The Sages said that libun is the insertion of a kli into fire until “they shed their outer layer” (Avoda Zara 76a) or until the kli gives off sparks (y. Avoda Zara 5:15). Since iron generally does not peel or spark when placed in fire, it seems that the Sages’ intent was that libun should cause the food adhering to the kli to peel off from it or that the food will give off sparks.
Many maintain that libun requires heat that can incinerate and destroy any food that can adhere to the kli, until it is shed in the form of sparks – even though the fire on which ḥametz was roasted or baked never reached such an intense heat (Pri Megadim). This is a temperature or 350-400oC.
Some rule leniently, maintaining that the principle of ke-bole’o kakh polto applies to the temperature of the fire at the time of absorption. The temperature at the time of absorption is the temperature at which kashering can take place. Thus, for example, if a kli absorbed flavor at a temperature of 200oC, it can be kashered at 200oC. In their view, a baking tray that absorbed a forbidden taste in an oven can be kashered in that oven at the same temperature. In practice, halakha follows the stringent view, but in times of need, it is possible to be lenient. Therefore, if a kli is needed, or if following the stringent view might ruin the kli, one may rely on the lenient view.
There is also light libun (libun kal), which entails heating a kli by fire to the point that a piece of straw placed on the opposite side of the kli would become singed from the heat, or a fine thread stretched out over the wall of the kli would become singed and snap from the heat. Light libun is not effective where regular libun is required, but it is more effective than hagala at extracting the flavor absorbed in the kli, and it also incinerates some of the flavor absorbed in and stuck to the kli. When it is uncertain if libun is necessary, one may suffice with light libun. Light libun can be performed by putting a kli in an oven and heating it at the highest temperature for about half an hour.
At first glance, it seems that the metal of the kli itself must spark and shed a layer, but metals generally do not spark or shed layers due to fire, and according to experts, they did not do so in the past, either. Therefore, it seems that the meaning is that the foods that remained stuck to the kelim would burn, char, and shed layers or burst and release sparks. This is similar to the explanation of R. Pfeiffer (Darakh Kokhav, p. 310), and many works cite his explanation (Ma’adnei Asher, Issur Ve-hetter 159; Hora’ah Berura, YD 121:59; Divrei David, vol. 1, YD 10). Even though nowadays, when we have soap, foods do not remain stuck to kelim, the requirement of kashering remains as it was (Peninei Halakha: Kashrut 32:7-8).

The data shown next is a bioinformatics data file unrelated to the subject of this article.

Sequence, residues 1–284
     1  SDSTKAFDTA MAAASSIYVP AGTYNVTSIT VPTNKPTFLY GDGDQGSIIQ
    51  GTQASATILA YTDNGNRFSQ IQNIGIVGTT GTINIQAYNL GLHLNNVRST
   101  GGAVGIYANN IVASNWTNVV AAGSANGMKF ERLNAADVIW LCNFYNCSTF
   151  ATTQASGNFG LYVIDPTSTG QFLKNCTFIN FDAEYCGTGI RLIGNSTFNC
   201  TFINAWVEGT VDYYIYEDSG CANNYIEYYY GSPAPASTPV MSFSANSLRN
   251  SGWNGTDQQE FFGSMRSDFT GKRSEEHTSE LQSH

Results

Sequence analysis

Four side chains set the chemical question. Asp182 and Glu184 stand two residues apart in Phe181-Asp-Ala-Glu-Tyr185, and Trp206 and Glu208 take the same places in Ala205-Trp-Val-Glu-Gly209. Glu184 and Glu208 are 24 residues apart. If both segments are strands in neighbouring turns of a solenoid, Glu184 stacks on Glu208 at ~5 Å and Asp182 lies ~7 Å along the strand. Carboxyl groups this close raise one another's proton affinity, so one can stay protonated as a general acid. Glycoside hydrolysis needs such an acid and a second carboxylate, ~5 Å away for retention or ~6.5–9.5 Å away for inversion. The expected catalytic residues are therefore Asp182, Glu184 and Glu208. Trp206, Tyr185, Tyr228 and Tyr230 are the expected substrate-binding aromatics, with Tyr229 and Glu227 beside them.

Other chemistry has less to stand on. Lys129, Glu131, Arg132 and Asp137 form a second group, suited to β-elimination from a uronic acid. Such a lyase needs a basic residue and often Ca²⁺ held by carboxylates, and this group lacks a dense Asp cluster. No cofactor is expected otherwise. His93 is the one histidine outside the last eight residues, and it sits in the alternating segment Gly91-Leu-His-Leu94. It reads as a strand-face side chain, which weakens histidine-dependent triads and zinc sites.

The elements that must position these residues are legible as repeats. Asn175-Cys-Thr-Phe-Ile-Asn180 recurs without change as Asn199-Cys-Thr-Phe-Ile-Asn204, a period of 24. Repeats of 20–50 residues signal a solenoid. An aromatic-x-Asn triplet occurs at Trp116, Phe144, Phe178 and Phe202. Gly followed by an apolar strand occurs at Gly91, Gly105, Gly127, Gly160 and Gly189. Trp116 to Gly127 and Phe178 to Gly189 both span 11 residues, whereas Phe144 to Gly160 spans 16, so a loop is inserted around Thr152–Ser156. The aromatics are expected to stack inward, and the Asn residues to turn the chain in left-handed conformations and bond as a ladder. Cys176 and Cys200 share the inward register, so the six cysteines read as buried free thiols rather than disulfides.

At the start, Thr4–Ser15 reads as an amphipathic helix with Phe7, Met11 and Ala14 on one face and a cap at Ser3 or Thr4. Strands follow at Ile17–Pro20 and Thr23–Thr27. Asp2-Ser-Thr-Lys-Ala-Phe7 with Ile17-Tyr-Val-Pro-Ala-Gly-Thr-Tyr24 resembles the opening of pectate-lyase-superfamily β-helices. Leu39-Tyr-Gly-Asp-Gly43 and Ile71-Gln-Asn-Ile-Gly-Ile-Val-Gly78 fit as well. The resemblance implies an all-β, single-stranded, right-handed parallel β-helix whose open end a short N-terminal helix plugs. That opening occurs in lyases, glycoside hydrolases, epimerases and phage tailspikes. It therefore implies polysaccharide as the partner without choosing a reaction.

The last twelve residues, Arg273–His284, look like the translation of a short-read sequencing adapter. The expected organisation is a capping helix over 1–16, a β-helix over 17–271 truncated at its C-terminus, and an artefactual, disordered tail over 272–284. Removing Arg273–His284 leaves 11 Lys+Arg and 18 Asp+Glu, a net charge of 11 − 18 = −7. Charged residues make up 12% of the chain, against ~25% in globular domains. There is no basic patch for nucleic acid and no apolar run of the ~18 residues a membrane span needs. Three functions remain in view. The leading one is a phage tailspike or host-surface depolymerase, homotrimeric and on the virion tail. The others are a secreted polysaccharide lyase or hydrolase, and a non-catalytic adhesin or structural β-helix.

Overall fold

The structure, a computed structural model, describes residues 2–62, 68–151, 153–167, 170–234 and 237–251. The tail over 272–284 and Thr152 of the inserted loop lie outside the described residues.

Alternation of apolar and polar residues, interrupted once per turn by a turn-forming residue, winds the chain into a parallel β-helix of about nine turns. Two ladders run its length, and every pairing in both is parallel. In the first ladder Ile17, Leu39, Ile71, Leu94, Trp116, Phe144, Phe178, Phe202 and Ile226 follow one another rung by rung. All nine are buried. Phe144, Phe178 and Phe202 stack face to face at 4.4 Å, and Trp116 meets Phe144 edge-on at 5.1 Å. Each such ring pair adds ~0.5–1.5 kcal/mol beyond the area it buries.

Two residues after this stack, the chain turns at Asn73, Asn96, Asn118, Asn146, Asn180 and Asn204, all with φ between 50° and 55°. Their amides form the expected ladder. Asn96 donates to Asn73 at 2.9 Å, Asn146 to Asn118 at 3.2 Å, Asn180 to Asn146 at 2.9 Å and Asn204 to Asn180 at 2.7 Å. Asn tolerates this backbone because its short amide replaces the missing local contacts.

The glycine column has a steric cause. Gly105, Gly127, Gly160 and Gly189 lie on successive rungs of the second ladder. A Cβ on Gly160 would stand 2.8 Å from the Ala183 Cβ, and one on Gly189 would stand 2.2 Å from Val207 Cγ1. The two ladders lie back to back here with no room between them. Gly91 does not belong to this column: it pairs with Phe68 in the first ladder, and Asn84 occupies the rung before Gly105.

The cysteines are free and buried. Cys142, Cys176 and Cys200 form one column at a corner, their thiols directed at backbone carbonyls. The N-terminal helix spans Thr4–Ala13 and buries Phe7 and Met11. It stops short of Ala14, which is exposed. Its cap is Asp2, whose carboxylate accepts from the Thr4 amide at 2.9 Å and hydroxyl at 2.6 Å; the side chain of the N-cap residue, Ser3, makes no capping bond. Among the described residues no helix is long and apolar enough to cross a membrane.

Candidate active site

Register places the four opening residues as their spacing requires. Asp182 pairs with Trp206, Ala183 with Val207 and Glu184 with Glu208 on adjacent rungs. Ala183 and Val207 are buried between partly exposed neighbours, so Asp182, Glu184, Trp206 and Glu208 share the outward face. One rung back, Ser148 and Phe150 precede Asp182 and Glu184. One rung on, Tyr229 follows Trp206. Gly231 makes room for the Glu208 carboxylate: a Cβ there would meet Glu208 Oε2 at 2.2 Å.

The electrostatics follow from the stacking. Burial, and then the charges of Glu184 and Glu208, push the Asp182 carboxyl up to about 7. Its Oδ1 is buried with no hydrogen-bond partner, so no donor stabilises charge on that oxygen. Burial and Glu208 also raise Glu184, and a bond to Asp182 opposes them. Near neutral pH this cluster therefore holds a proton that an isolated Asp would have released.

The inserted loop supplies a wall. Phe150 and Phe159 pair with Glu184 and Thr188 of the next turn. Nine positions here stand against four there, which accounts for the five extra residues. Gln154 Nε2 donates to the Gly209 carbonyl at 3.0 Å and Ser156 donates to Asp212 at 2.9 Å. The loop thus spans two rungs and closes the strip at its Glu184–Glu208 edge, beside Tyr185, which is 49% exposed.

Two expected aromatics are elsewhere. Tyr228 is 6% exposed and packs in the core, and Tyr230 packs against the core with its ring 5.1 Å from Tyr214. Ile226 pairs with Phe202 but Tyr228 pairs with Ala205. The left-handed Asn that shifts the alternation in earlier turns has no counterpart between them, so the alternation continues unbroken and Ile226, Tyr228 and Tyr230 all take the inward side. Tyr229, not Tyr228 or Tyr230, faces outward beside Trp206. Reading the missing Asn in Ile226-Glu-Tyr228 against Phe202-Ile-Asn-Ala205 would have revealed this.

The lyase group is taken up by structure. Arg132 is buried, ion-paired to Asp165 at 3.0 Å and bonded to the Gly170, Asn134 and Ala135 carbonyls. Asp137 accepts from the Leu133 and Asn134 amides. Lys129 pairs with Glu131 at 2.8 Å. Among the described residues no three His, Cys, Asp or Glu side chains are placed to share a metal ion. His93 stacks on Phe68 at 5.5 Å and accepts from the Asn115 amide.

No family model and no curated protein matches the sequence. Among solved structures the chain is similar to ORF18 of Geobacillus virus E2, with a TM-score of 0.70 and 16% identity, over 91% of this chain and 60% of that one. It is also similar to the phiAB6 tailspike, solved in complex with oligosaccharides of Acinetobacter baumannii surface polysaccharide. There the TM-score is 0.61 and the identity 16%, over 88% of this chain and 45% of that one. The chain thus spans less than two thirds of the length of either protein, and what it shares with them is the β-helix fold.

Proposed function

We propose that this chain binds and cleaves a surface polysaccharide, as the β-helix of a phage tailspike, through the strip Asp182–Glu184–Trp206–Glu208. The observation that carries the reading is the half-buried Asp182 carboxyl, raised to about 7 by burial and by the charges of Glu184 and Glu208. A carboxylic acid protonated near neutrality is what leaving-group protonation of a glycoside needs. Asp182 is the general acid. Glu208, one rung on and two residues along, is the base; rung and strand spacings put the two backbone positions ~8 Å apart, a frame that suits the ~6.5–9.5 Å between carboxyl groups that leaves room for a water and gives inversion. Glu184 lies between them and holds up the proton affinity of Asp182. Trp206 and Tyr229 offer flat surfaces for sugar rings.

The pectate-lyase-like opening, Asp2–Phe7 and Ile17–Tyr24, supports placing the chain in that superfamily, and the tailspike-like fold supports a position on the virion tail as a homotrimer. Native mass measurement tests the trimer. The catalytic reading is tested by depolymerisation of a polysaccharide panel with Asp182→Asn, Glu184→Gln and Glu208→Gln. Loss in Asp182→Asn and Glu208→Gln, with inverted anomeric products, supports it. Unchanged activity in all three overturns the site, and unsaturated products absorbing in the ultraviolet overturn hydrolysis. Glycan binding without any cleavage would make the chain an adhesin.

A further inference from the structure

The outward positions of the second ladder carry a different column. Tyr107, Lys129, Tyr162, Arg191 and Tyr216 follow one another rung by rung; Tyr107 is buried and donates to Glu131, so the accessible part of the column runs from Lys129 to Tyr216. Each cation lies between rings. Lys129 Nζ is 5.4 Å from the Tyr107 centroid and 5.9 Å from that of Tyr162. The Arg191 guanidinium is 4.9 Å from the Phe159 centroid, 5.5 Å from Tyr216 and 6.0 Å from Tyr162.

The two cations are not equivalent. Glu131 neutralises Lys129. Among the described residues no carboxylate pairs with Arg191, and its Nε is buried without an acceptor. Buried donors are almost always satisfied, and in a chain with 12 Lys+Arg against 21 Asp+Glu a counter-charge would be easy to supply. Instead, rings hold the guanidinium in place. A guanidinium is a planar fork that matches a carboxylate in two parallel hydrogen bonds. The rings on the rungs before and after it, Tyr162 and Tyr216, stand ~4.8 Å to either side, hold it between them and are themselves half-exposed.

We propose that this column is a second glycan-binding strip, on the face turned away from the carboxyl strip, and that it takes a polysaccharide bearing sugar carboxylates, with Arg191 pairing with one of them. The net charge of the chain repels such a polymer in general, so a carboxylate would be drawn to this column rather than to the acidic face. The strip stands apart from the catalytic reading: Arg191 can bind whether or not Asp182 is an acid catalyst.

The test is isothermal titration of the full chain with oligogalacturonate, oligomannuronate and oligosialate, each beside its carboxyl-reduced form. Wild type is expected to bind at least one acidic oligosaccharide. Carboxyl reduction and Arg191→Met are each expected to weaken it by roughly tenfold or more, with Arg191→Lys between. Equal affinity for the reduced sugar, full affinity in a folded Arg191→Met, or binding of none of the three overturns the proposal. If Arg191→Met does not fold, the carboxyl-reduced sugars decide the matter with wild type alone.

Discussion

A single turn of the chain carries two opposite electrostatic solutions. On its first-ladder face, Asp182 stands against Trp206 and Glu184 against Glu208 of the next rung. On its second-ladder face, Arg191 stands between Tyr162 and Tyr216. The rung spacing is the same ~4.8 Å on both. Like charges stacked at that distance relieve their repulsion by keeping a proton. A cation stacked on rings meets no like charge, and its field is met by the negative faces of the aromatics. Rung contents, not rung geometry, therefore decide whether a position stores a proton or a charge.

As I wrote above, there is a dispute among Aḥaronim with regard to libun. Many maintain that it requires a fixed temperature that would produce sparks if there is food stuck to the kli. These include: Pri Megadim 441, Eshel Avraham 30; Responsa Maharam Schick, OḤ 213; R. Frank’s Mikra’ei Kodesh: Pesaḥ 1:80:7; Igrot Moshe, YD 1:60. Some adopt the lenient view that libun requires the same temperature at which the kli absorbed the forbidden food. These include: Responsa Arugat Ha-bosem, OḤ 119; Minḥat Yitzḥak 3:66; Tiferet Tzvi 1:30; and Nitei Gavriel (Pesaḥ 1:75, n. 3) in the name of R. Aharon Kotler and R. Y. B. of Brisk. The accepted ruling is the stringent one, as this is the view cited in contemporary works of halakha. However, since according to many the absorption of ḥametz throughout the year is considered the absorption of permissible matter (heteira bala), in which case even hagala would be effective, in times of need one may rule in accordance with the lenient view of libun, namely, that it requires the same temperature at which the kli absorbed the ḥametz. This is certainly the case more than 24 hours after the absorption, as then the flavor is spoiled, and in cases of uncertainty we follow the lenient view. In addition, since nowadays metal kelim are cleaned thoroughly with soap, there is no concern that the forbidden food will impart flavor, and the kashering requirement is based on the kli’s use with forbidden foods (Peninei Halakha: Kashrut 32:7-8). In cases of other forbidden foods, where the rationale of heteira bala (i.e., ḥametz absorbed throughout the year is considered permissible matter, so even kelim used in fire can be kashered by means of hagala) does not apply, one may only be lenient in the case of a significant loss (ibid. 33:6).
Rabbeinu Avigdor, one of the Rishonim (cited in Hagahot Maimoniyot on MT, Laws of Forbidden Foods 17:5), has an even more lenient view: Libun consists of burning a fire under the kli to the point that if one places a piece of straw on it, it will be singed. This is what the Sages meant by “until it gives off sparks.” In practice, the consensus is not to adopt his leniency, and this form of libun is called “light libun,” which is more effective than hagala. When there is uncertainty about whether a kli requires libun, many rule that it may be kashered with light libun (Terumat Ha-deshen §130; Rema 451:4). Another advantage of light libun is that it is effective for crevices that are hard to clean and that hagala does not kasher (MB 451:33). Nowadays, these kelim can be cleaned with soap, which renders everything stuck in the crevices unfit for a dog’s consumption.
The poskim further write that there is an even lighter form of libun, namely, heating the kli to the temperature of “yad soledet bo,” i.e., at which the hand reflexively recoils (Levush; Taz 451:8; SAH 10). This seems to refer to anything above 70oC. Pri Megadim (451, Eshel Avraham 30) states that this form of libun is effective for food absorbed into a kli rishon after it had been removed from the fire.